–– The regulatory position statement applies in England
only and will be reviewed again in February 2016
Which premises are exempt?
The types of premises exempt from registration include
highways and railways, rivers, forests, utility infrastructures
and mobile healthcare providers (including ambulances).
The regulatory position statement only applies to specific
circumstances. For example in relation to highways where
simple, routine, minor maintenance is being carried out (such
as filling of isolated potholes) the statement applies. However,
it does not apply to planned construction and demolition
activities and works that cannot be completed very quickly
(and cannot therefore properly be described as simple).
The statement applies to places where maintenance or
pollution control activities are carried out along rivers,
canals, remote and unoccupied marine environments and
other waterways but activities at controlled areas such as
docks, marinas and ports or where any waste is collected
by or removed by a ship are not exempt.
Please click here for full details of the application of the
regulatory position statement (Table 1).
By not pursuing these specific aspects of the Regulations,
the EA will not normally take enforcement action unless
the activity has caused, or is likely to cause pollution or
harm to health.
What should businesses dealing with hazardous
Businesses should familiarise themselves with the updated
regulatory position statement.
The regulatory position applies only to the very specific
circumstances listed in the Table and may not be applied to
Businesses should therefore ensure that they understand
which activities are exempt and those to which the position
statement does not apply in order to ensure that they
continue to comply with the Regulations.
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*STOP PRESS - OFT is abolished
As of 1st April 2014 the Office of Fair Trading (“OFT”) was abolished with its powers being distributed across a number
of statutory bodies.
In the Winter 2013 edition of this newsletter we reported on this important development (click here for the full article).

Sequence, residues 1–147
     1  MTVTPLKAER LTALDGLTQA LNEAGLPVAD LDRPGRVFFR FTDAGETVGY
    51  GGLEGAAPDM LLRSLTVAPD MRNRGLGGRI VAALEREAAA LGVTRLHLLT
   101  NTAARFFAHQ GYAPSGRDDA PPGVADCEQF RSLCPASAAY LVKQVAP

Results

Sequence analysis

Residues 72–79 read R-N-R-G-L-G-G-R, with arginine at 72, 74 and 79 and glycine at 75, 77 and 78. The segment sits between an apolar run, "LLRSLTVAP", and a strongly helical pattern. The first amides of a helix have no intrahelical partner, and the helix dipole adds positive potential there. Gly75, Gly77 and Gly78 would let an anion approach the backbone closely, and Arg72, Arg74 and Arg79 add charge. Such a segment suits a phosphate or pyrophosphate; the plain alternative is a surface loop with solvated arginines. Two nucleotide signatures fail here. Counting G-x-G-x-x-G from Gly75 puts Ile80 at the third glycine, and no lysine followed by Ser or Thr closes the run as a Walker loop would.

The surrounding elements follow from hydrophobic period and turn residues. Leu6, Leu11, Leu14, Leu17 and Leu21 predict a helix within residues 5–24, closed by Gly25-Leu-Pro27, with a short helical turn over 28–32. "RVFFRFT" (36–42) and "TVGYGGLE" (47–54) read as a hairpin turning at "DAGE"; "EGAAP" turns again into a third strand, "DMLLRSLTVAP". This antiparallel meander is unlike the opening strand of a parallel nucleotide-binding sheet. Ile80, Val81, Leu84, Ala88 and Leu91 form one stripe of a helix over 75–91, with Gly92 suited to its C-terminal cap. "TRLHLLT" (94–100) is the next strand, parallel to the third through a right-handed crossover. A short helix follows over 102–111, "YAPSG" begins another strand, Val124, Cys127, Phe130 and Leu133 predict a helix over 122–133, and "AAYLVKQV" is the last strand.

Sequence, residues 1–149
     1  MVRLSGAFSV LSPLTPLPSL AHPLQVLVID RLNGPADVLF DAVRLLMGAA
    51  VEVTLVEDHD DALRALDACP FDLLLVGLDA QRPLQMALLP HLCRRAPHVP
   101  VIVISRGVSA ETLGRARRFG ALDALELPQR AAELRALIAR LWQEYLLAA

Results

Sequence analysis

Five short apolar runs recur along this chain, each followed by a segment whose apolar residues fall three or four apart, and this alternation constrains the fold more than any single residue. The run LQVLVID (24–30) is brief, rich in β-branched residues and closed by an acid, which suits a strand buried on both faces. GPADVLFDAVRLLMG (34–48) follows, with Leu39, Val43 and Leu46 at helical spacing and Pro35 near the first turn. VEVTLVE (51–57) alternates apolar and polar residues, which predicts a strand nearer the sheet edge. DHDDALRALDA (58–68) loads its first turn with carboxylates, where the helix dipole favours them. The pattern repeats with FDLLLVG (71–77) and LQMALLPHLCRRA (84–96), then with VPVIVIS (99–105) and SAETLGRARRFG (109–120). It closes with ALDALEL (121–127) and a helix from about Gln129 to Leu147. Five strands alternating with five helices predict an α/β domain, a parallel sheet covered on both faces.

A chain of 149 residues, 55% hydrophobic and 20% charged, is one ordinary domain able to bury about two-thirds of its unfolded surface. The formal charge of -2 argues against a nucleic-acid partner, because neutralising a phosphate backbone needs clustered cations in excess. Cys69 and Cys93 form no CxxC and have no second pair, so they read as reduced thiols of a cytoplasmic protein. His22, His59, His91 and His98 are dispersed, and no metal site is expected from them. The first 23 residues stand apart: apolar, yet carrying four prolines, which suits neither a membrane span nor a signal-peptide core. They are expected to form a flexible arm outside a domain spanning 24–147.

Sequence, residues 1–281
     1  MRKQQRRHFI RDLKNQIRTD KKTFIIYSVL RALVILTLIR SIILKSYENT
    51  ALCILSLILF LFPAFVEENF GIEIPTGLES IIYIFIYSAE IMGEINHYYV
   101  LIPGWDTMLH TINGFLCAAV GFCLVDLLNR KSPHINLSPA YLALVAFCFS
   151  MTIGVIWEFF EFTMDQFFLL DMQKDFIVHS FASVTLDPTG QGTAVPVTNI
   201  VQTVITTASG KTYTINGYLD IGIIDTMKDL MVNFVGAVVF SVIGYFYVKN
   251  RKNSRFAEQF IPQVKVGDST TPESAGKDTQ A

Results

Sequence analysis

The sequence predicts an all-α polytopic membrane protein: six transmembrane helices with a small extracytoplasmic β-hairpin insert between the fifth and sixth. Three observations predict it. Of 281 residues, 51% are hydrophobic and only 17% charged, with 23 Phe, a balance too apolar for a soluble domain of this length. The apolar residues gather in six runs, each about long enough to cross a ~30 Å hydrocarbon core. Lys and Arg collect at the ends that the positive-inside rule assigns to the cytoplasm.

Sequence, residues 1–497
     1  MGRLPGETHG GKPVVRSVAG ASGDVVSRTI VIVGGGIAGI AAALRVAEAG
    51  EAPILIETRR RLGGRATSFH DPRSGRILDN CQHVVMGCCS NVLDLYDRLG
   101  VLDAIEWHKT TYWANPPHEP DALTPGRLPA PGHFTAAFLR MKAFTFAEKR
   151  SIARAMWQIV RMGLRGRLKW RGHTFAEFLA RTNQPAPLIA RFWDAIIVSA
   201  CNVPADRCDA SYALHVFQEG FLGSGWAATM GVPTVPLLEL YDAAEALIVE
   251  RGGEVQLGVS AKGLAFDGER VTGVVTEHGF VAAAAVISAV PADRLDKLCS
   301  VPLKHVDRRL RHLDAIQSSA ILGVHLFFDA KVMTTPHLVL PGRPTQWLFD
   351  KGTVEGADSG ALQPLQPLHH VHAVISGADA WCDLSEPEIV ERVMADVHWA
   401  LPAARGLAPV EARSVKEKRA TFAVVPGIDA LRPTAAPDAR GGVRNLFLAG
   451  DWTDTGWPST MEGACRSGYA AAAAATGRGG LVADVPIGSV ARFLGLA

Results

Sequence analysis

Who will take over?
The principal transfer of responsibility is from the OFT to the Financial Conduct Authority (“FCA”) (the former
Financial Services Authority) and the Competition and Markets Authority (“CMA”).
The consumer side will divide roughly in two with consumer credit regulation going to the FCA and enforcement
remaining with Trading Standards Departments. The changes to consumer credit law are likely to be minimal since it
is proposed that the FCA will simply adopt much of the existing OFT guidance on consumer credit.
The new body CMA will also have a role in acting to promote competition for the benefit of consumers, including
enforcing unfair terms legislation and the Consumer Protection from Unfair Trading Regulations 2008 (which are to be
amended in October 2014). In addition, Trading Standards will also have this enforcement role.
Other OFT functions will be carried out by Trading Standards Departments (including some by the National Trading
Standards Board) and these include taking over cases from the Advertising Standards Authority where some form
of legal sanction (such as under the Enterprise Act 2001) is thought necessary and also the authorisation of codes of
What does this mean for your business?
Any business which came under the remit of the OFT should ensure it is ready for the key changes. Further
information can be found here, with options to register to email updates, so make sure your business isn’t left behind.
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*STOP PRESS - changes in consumer law
Businesses can expect tighter controls over their commercial practices with the implementation of the Consumer
Rights Directive (“CRD”) this summer, which aims to simplify consumer rights in certain important areas, mostly
relating to buying and selling.
The key protections include:
–– Consumers must receive clear information before they buy. This applies also to “distance selling”
–– Consumers should not be subject to excessive fees (such as excessive credit card fees) when paying a seller
–– If a purchase has been made away from a trader’s place of business, for example over the internet, the consumer
now has an increased “cooling off period” of 14 days after buying
–– There should be no excessive phone charges when a consumer rings a seller about an existing contract.
–– Additional payments are prohibited unless the consumer expressly agrees to them
These changes will have a major impact on the retail industry, and businesses are advised to review their systems,
processes and staff training to ensure they are not caught out.
There is no guidance at present, however further information is expected to be made available which we shall report
on in due course
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CC005224 - May 2014